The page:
Stage 1 testicular cancer may or may not have spread beyond your testicle, and it hasn’t yet spread to your lymph nodes or distant body parts. With prompt treatment, your outlook could be excellent.

Doctors most commonly stage testicular cancer using the American Joint Committee on Cancer’s TNM staging system. This staging system classifies testicular cancer from stages 0 to 3 based on:

  • T: size of the tumor
  • N: spread to nearby lymph nodes
  • M: metastasis (spread) to distant areas
  • S: serum levels of tumor markers in the blood

The American Cancer Society estimates that about 9,760 people will get a diagnosis of testicular cancer in the United States in 2024. About two-thirds of people with a diagnosis of the most common type of testicular cancer are in stage 1.

Doctors often successfully treat stage 1 testicular cancer with surgery alone. Sometimes, they may combine surgery with chemotherapy or radiation therapy.

Read on to learn more about stage 1 testicular cancer, including its symptoms, treatment options, and outlook.

The four stages of testicular cancer

Here’s a brief look at the four stages of testicular cancer:

  • Stage 0: Stage 0 testicular cancer is contained to the small tubes inside your testicle.
  • Stage 1: Stage 1 testicular cancer has grown outside these tubes and possibly outside the testicles, and you may have elevated tumor markers on a blood test.
  • Stage 2: Stage 2 testicular cancer may have grown outside the testicle or into nearby lymph nodes, and it may cause elevated tumor markers on a blood test.
  • Stage 3: Stage 3 testicular cancer may have spread to distant body parts, such as your lung.
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Stage 1 is the earliest stage of testicular cancer. It hasn’t yet spread to lymph nodes or distant body parts. Stage 0 is considered precancerous.

Most people who get a diagnosis of testicular cancer have stage 1 cancer. Often, doctors successfully treat it with surgery, possibly combined with other treatments.

Stage 1 testicular cancer has four substages:

1Your tumor has grown beyond your seminiferous tubules and may or may not have grown outside your testicle.
1AYour tumor has grown beyond your seminiferous tubules but not outside your testicle.
1BYour tumor has grown outside your testicle and into nearby structures.
1SYour tumor might have grown outside your testicle, or a doctor can’t assess its extent. At this stage, at least one tumor marker is higher than usual.

Can you survive stage 1 testicular cancer?

Stage 1 testicular cancer often has an excellent outlook, and the vast majority of people survive their cancer. You’ll still need regular monitoring after treatment to make sure your cancer doesn’t return.

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Early stage testicular cancer often doesn’t cause any symptoms. The most common initial symptom is a painless lump in your testicle, usually only on one side. This lump can grow larger than a pea.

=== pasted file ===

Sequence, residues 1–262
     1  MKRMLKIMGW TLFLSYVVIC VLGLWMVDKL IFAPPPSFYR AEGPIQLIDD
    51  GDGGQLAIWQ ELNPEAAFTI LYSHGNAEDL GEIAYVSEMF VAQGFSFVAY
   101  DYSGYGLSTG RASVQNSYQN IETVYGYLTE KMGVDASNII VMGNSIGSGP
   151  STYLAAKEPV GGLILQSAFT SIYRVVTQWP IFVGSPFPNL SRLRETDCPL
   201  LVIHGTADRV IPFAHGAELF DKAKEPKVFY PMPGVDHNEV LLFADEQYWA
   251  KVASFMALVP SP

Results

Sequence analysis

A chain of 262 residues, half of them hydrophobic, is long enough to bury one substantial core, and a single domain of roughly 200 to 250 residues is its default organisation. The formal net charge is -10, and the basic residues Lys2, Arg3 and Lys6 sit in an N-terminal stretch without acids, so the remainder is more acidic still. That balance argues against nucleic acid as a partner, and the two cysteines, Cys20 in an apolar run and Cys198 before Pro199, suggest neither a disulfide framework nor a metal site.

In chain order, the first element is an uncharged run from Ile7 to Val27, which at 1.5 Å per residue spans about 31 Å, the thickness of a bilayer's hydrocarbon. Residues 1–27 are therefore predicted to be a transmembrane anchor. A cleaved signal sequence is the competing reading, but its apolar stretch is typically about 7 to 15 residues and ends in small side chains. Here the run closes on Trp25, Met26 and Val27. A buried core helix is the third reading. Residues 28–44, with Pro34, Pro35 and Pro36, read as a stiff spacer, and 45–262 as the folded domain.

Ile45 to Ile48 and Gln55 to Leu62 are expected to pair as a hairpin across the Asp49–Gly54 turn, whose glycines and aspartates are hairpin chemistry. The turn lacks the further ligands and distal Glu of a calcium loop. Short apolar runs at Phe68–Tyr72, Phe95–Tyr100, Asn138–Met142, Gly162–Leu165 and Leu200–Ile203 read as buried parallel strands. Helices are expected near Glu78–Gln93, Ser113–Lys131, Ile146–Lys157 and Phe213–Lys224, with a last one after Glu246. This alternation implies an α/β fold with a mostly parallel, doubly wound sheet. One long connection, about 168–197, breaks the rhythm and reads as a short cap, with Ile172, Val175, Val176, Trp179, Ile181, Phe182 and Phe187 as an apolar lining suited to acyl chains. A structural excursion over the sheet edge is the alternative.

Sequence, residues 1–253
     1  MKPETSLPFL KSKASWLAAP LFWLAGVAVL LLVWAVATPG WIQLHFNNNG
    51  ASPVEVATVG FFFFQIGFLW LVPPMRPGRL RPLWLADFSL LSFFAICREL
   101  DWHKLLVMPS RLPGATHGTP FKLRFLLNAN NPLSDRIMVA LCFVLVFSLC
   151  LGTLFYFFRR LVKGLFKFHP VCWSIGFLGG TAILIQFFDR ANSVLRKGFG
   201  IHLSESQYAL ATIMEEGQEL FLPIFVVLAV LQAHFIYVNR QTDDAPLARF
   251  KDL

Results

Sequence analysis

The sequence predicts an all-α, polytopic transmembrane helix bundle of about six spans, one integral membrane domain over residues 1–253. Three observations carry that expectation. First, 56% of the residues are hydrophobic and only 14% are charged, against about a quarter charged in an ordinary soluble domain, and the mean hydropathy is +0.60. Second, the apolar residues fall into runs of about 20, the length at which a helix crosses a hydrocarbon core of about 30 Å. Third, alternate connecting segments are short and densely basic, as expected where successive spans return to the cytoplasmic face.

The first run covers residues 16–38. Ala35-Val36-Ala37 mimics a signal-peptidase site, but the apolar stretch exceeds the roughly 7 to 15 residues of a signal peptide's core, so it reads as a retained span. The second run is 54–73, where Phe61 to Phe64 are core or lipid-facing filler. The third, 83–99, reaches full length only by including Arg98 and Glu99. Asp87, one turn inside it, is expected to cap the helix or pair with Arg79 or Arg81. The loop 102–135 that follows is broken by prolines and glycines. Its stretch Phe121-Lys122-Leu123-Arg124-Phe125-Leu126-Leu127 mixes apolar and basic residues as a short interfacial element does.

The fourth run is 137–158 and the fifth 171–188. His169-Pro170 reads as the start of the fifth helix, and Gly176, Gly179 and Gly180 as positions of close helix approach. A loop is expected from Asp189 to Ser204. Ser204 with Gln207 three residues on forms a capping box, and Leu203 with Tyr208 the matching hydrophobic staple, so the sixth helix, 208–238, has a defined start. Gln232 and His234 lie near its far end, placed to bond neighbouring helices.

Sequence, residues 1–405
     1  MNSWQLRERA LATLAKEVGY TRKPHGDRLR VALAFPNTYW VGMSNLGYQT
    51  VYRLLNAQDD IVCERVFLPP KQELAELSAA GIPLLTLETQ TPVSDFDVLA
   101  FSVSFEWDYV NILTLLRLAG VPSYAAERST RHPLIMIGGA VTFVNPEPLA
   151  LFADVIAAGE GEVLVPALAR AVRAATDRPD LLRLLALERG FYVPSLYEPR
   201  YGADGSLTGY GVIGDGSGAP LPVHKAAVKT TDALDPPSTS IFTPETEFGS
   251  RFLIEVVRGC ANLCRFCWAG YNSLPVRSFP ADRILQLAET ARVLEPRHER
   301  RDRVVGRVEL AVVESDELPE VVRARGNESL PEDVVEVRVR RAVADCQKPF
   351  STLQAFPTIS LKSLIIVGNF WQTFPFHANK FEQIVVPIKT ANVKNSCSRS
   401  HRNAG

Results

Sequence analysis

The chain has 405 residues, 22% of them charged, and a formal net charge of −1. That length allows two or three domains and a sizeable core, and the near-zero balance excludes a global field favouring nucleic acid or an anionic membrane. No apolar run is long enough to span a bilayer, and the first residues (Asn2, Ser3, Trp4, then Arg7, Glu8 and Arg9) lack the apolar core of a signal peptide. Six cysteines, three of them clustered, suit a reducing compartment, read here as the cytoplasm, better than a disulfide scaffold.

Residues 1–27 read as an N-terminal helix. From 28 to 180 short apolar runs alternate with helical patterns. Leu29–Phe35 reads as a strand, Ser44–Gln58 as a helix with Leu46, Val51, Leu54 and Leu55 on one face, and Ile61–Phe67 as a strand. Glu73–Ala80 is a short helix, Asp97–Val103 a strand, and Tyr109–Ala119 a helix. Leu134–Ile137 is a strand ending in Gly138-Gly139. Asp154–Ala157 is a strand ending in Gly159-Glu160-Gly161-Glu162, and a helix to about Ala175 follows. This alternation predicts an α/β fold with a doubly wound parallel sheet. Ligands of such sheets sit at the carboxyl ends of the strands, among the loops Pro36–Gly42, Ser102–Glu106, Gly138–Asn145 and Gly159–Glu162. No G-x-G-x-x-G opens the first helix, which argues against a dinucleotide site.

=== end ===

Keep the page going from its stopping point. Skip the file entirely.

Other initial symptoms can include:

  • swelling around your testicle
  • increased firmness in your testicle
  • a noticeable enlargement to one side of your scrotum
  • pain or a dull ache in your testicle or scrotum
  • a heavy feeling in your scrotum or abdomen

Learn more about the early symptoms of testicular cancer.

Does testicular cancer spread quickly?

Some types of testicular cancer grow quicker than others. The most common type of testicular cancer is germ cell cancer, which doctors divide into seminoma tumors and nonseminoma tumors. Nonseminoma tumors tend to grow quicker.

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Doctors often find stage 1 testicular cancer incidentally during imaging for an unrelated reason, like testicular trauma. They might also discover it following the removal of one of your testicles.

Tests for testicular cancer include:

Treatment for stage 1 testicular cancer depends on the type of cancer you have.

If you have a seminoma tumor, the most common treatments are surgery to remove the testicle, with regular follow-ups to monitor whether the cancer has returned, and surgery to remove the testicle followed by chemotherapy.

Treatment for nonseminoma tumors usually includes:

  • surgery to remove your testicle, with long-term follow-ups
  • surgery to remove your testicle and nearby lymph nodes, with long-term follow-ups
  • surgery followed by chemotherapy, with long-term follow-ups for cancers with a high chance of returning

Some people may receive radiation therapy after surgery. These people usually have 10–15 treatments over 2–3 weeks.

Learn more about testicular cancer surgery.

The outlook for people with stage 1 testicular cancer is generally excellent. In the United States in 2013–2019, the 5-year relative survival rate among people with diagnosed testicular cancer contained to a testicle was 99.2%.

The 5-year relative survival rate is a measure of how many people with the cancer live at least 5 years compared with people without the cancer.

Learn more about factors that affect your outlook.

Stage 1 testicular cancer is almost always curable. The most common treatment for stage 1 testicular cancer is surgery. A doctor may also suggest chemotherapy or radiation therapy after surgery.

The outlook for testicular cancer is generally best with early treatment. It’s important to contact your doctor if you notice any concerning changes to one of your testicles.